Umm Adi and Umm Hassan are neighbors and best friends; they met in Za’atari Camp more than a year ago. Both women fled Syria with their young families, arriving in Jordan traumatized by the violence and bloodshed they had witnessed.
“Za’atari was our escape” says Umm Hassan, whose son was injured by a bomb blast in Syria. But while the camp provided physical security, it could not provide respite from the memories of war. The children had nightmares, often refusing to be left alone in the dark. The women were sometimes fearful too, afraid of the unknown that seemed to permeate nearly every facet of their new lives. And it was worse at night, in the shadowy darkness of the mostly unlit camp.
“I didn’t like to go out alone in the nighttime. I would try to make sure I didn’t have to” explains Umm Adi, who lives in Za’atari with her five children – her husband is still in Syria. There is the risk of hurting yourself while walking blind in the dark, and the threat of being accosted by strangers you can’t see, especially inside the concrete WASH blocks.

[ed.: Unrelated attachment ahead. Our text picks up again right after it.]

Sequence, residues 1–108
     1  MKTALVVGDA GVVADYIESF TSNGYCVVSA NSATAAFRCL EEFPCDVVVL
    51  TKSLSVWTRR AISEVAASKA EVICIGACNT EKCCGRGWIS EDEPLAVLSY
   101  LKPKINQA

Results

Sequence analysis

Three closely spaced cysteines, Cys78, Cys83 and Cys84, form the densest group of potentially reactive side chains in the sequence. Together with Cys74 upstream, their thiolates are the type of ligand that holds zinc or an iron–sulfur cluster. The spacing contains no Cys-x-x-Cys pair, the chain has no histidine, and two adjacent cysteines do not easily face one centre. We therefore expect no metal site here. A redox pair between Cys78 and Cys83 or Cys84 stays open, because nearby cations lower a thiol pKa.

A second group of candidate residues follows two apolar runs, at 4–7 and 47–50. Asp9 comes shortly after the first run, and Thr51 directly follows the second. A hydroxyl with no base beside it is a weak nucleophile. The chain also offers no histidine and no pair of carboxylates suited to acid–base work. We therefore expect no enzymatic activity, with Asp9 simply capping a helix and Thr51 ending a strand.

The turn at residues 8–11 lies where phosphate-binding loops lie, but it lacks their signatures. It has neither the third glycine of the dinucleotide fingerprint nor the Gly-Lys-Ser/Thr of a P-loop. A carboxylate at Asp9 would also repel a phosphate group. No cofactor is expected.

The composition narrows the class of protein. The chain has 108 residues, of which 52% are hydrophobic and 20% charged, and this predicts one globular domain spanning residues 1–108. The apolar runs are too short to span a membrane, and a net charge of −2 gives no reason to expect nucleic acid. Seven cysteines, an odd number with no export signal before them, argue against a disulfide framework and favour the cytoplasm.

“Violence” says Umm Hassan by way of explanation, and both women shake their heads.
But because the caravans are not connected to running water and don’t have toilets, sometimes going out in night is inevitable.
“Alhamdulillah for the lights!” exclaims Umm Adi, and again both women agree, only this time they keep talking, one over the other, explaining how such a small change has made such a big impact on their everyday lives.
In 2015, as part of a wider initiative to improve water and sanitation facilities in Za’atari Camp – one that will see the construction of a piped water network for the Camp - OXFAM installed solar-powered lighting both inside and in the area surrounding some of the WASH blocks in District 8, where both families live. The lights are on from sunset to sunup, and what was once a shadowy and foreboding excursion to the facilities has been made routine again. And there is an element of comfort in knowing what to expect.
“Before the children were afraid to go, but now, they feel safer” says Umm Hassan.
Life in the camp still isn’t easy, but the women have found some measure of solace in their friendship, and the solar lights have helped too. But “of course” says Umm Adi “more would be better!”
Special thanks to Oxfam GB for organizing a field visit for this story.
JRP Sector: WASH
Project Name: Provision of Water, Sanitation and Hygiene promotion assistance to the displaced Syrian population in Jordan
JRP Specific Objective: REF 1: Culturally and gender appropriate, safe and equitable access to water for drinking, cooking, and personal and domestic hygiene ensured
JRP Project Title: REF 1.1 Water Supply in Camps
Project Budget: USD 1.7 million
Project duration: 24 months
Financing Agency: UNICEF
Implementing Partner: Oxfam Great Britain